All things being equal, the Panthers should be happier today than they were under the Martin regime. They narrowly missed the playoffs in 2008-09, but the reality was that a 9th place finish was the high point of the last decade. A quick look at the standings will tell you they’re in no better shape than they have been in recent memory, but there’s a difference this time. This time, there’s a plan. They’ve drafted a slew of good prospects and are stockpiling draft picks for even more prospects. They’re taking their time and developing them the right way this time around.

It’s going to take time with Tallon, but this time they’re selling hope. There’s the promise of something better down the road—and Tallon has the track record that warrants hope.

Only time will tell if we’re saying the same things about Dale Tallon’s rebuild as we are about Jacques Martin’s failed rebuild.

Oilers go captain-less, name four alternates instead

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Edmonton’s made a fairly significant shift in its leadership group.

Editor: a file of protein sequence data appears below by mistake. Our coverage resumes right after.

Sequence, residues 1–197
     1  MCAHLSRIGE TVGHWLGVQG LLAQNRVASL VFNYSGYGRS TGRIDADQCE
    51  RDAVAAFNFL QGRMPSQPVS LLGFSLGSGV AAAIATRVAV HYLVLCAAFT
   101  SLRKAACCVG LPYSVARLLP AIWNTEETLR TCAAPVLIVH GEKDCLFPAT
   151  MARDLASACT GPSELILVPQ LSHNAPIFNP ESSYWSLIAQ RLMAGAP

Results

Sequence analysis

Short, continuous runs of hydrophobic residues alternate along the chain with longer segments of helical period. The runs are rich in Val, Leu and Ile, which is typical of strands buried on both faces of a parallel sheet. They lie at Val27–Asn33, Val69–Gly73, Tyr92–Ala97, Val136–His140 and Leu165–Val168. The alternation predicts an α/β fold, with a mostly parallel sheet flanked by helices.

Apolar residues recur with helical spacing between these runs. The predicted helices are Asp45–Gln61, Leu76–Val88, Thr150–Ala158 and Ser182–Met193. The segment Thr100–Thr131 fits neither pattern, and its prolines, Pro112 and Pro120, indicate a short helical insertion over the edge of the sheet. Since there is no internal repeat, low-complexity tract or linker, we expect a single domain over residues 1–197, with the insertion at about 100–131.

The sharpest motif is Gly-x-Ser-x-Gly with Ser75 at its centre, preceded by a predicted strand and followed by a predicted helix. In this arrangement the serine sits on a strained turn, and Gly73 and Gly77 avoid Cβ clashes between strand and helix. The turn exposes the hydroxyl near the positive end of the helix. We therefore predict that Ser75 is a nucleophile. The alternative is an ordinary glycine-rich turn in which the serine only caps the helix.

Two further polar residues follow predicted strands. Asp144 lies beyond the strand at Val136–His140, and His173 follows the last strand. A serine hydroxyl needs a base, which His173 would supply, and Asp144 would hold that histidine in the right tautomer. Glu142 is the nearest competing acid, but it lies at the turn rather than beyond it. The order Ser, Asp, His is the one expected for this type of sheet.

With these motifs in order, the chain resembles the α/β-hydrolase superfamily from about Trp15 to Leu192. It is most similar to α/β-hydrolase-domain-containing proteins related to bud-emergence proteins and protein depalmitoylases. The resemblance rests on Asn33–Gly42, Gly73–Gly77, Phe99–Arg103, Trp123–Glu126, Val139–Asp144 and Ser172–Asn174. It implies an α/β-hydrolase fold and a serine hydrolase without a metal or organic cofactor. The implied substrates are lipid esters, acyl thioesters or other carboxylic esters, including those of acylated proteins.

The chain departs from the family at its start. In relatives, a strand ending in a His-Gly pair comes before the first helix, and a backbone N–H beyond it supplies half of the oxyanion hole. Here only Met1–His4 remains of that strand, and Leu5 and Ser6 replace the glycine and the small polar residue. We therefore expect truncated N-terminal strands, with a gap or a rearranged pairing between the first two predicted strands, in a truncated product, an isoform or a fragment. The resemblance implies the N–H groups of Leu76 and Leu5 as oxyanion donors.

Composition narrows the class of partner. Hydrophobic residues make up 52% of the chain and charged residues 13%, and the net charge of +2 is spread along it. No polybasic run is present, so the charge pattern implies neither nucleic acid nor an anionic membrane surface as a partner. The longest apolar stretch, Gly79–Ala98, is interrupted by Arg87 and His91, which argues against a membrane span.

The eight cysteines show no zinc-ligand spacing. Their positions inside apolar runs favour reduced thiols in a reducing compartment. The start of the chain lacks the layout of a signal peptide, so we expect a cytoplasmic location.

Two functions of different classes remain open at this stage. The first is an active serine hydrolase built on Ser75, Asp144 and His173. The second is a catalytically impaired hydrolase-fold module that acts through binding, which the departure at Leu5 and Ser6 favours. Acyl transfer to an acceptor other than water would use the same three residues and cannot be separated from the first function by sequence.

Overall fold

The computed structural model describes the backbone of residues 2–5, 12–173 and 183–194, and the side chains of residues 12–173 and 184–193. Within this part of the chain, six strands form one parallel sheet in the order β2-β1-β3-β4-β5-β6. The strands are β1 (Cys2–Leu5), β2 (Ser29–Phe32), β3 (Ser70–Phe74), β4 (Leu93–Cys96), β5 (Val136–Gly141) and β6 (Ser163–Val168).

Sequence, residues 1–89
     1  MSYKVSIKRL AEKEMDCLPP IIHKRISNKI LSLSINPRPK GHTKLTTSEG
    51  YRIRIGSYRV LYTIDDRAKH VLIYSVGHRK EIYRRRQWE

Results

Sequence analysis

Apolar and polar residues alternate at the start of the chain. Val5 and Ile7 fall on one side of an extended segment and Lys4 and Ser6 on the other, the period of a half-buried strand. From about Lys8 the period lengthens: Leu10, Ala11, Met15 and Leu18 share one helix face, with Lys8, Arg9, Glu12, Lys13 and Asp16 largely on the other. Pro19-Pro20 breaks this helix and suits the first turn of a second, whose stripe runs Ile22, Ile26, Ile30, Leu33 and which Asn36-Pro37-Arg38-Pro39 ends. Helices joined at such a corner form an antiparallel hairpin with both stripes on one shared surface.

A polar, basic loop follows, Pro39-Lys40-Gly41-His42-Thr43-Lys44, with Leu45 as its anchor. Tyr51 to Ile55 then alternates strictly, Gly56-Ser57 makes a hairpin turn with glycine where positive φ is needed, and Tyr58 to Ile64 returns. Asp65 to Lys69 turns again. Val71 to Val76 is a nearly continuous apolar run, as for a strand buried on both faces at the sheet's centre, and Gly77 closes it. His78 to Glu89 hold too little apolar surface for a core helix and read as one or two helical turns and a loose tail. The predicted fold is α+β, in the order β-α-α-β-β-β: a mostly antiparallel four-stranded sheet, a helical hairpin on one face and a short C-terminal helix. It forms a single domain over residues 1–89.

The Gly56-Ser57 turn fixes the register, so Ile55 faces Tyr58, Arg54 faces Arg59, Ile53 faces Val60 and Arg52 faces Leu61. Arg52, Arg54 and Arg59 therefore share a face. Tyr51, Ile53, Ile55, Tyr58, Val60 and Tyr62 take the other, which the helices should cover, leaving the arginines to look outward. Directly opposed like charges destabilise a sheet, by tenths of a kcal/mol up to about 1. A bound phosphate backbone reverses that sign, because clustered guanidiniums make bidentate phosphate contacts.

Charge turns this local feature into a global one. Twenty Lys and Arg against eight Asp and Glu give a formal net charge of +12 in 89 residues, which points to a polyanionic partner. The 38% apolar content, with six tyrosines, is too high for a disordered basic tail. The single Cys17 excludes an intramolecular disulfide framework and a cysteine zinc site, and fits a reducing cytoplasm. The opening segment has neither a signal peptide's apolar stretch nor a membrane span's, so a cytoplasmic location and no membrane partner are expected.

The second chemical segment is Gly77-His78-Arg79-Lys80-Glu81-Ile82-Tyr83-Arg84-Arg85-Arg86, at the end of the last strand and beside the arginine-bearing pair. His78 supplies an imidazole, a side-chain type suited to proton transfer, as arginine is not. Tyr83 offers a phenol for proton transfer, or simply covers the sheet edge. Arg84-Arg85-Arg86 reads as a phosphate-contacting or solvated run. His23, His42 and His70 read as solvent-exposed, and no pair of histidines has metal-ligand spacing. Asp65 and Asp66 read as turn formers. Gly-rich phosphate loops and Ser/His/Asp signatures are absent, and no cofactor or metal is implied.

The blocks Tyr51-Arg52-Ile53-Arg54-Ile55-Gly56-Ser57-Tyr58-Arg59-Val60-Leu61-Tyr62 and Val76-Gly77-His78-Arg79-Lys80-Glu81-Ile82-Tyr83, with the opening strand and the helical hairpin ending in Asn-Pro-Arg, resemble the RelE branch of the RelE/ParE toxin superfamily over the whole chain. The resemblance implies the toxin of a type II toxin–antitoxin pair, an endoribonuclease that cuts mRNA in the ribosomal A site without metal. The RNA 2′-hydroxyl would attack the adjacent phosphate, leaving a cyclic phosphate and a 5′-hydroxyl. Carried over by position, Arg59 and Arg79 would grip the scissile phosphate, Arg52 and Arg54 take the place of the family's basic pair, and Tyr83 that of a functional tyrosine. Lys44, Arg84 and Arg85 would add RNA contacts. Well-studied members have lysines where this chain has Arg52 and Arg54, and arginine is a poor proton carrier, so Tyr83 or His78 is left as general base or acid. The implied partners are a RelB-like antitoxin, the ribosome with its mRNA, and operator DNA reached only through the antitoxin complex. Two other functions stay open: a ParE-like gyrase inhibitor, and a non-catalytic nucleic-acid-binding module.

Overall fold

The big news is the Oilers won’t have a captain this season, as Andrew Ference will relinquish the “C” he’s worn for the last two years.

Ference will, however, remain part of the group and wear an “A” as part of a four-man alternate captain collective, one that also includes Jordan Eberle, Ryan Nugent-Hopkins and Taylor Hall.

The news of Ference being removed as captain doesn’t come as a huge surprise. The veteran d-man is a well-respected leader, but isn’t expected to be in the lineup every night this season.

The decision to go without a captain, though, is something of a surprise, especially given what new head coach Todd McLellan endured during his final season in San Jose.

The Sharks’ captaincy issue — stripping Joe Thornton, then going with four rotating alternates — was an ongoing problem, something that players, coaches and GM Doug Wilson had to repeatedly address until it blew up in spectacular fashion.

That said, the circumstances in Edmonton are quite different.

It’s believed the club’s intentionally keeping the captaincy vacant, on the assumption that Connor McDavid will evolve into a superstar and, subsequently, the club’s unquestioned leader.